Joshua DuBois was a 26-year-old Pentecostal minister when he was tapped by President Obama to serve as the White House’s director of the Faith-Based and Neighborhood Partnerships during his first term in 2008. Under DuBois’s watch, the office encouraged religious leaders to address broader and more looming issues such as teen pregnancy, economic downturns, child poverty, and absentee fathers. DuBois stepped down from his post earlier this month and will begin teaching at New York University and writing a series of faith-based columns for The Daily Beast.
He talks with NewsBeast senior writer Allison Samuels about President Obama and the work that excited him most during his time in the White House.
TDB: Talk a little about how you began your work with President Obama.
DuBois: I was watching the 2004 Democratic convention, and I watched then-Senator Barack Obama give his speech, which he ended by saying we worship “an awesome God.” That got me, and I knew I had to work for him. I didn’t know how I’d go about working for him, but I knew I would have to. So I drove from New Jersey to his offices in Chicago and met with enough people who liked me enough to introduce me to Senator Obama.
Prior to Obama winning the White House, what did you do for him?
I worked as a legislative aide for then-Senator Obama, advising him on faith-based issues, and continued to work with him through out the 2008 campaign, which was both amazing and challenging given the many pockets around the country where so many different faiths are at work in so many different ways. A lot of people don’t realize that as a community organizer President Obama was funded by the Catholic Church, so faith has been a big part of his life for a very long time. Taking the president’s message about the importance of faith to masses was an amazing journey and rewarding one during the campaign that I think really resonated with the voters and connected them with the president in a very real way.
You’re currently writing a book with daily biblical scriptures and inspirations for leaders. That’s something you also did for the president daily in email form? When did you begin that ritual with him?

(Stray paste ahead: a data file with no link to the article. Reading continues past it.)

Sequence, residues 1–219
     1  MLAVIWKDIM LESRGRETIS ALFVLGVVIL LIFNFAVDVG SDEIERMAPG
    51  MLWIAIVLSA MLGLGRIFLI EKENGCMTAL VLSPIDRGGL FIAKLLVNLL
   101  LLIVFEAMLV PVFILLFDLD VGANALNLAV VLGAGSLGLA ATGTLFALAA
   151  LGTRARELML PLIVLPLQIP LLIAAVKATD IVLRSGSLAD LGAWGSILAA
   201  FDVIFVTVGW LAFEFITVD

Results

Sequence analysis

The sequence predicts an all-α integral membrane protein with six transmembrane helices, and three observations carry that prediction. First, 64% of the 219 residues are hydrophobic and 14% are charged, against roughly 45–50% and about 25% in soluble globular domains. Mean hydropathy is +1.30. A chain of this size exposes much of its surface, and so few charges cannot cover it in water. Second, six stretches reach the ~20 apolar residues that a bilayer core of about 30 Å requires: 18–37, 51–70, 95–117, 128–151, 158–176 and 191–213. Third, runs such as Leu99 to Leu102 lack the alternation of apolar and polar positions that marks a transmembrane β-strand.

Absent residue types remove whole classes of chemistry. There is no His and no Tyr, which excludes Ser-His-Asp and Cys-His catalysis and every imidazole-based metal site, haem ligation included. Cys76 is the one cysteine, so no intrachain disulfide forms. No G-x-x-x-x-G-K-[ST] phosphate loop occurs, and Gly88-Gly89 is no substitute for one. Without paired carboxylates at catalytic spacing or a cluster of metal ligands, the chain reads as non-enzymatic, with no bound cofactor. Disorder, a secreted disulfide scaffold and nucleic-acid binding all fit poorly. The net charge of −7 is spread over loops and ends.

While he was still Senator Obama, I asked him would it be helpful if I sent him Scriptures for inspiration every day, and he said yes. My thought was, why not do something for this man who spends so much time thinking about others and for a man who does so much for others? Why not offer him support in the best way that I can, and thought that should be through Scripture and support through the word. I continued to do it throughout my time at the White House.
What do you consider the most important changes between the faith-based programs that President Bush implemented and the ones developed under President Obama?
President Bush founded the faith-based office in the White House and primarily focused on religious organizations getting funded. That’s not what President Obama’s focus was. It leaned more heavily towards connecting religious leaders with policymakers and also with giving religious communities access to programs that helped them find jobs, or helped with reconnecting fathers with families or creating interfaith programs on college campuses. Some of those projects didn’t receive the attention they deserved, but they made a significant difference in the religious communities.
“While he was still Senator Obama, I asked him would it be helpful if I sent him Scriptures for inspiration every day, and he said yes.”
Of those programs you mentioned, which are you the most proud of?
There are a few. The college campuses that encourage interfaith services were very important to us because it involved all faiths together on different programs on campuses across the country. The other important program would be the jobs ministry program, which is where churches were given help in teaching members how to fill out job applications or on how to produce a great résumé or on just how to give support to those out of work and in need of emotional support while searching for a job. And of course the program that reconnected fathers who’d been lost and separated from their families meant a great deal and was sorely needed. Working with Dwyane Wade and other people like that was important in getting the message out.
How hard was it to leave the White House after all these years?
It was difficult to leave, but I’m excited about the future. I’m thankful to have had the chance to serve under a president that is so dedicated to this country, his family, and to God. In our talks where we discussed what was important to him in the faith-based programs that we were supporting, it was clear where his heart was and how deep his faith is. I’m sure the country will continue to see that as well. I plan on continuing to serve the president outside of the White House in my own way and to worship through teaching and writing and various other ways as well.
In a rousing commencement speech at Morehouse College, the president urged the graduates to become the influential black men that this country needs. 'You now wield something even more powerful than the diploma you're about to collect, and that's the power of your example,' said Obama. 'Use that power for something larger than yourself.'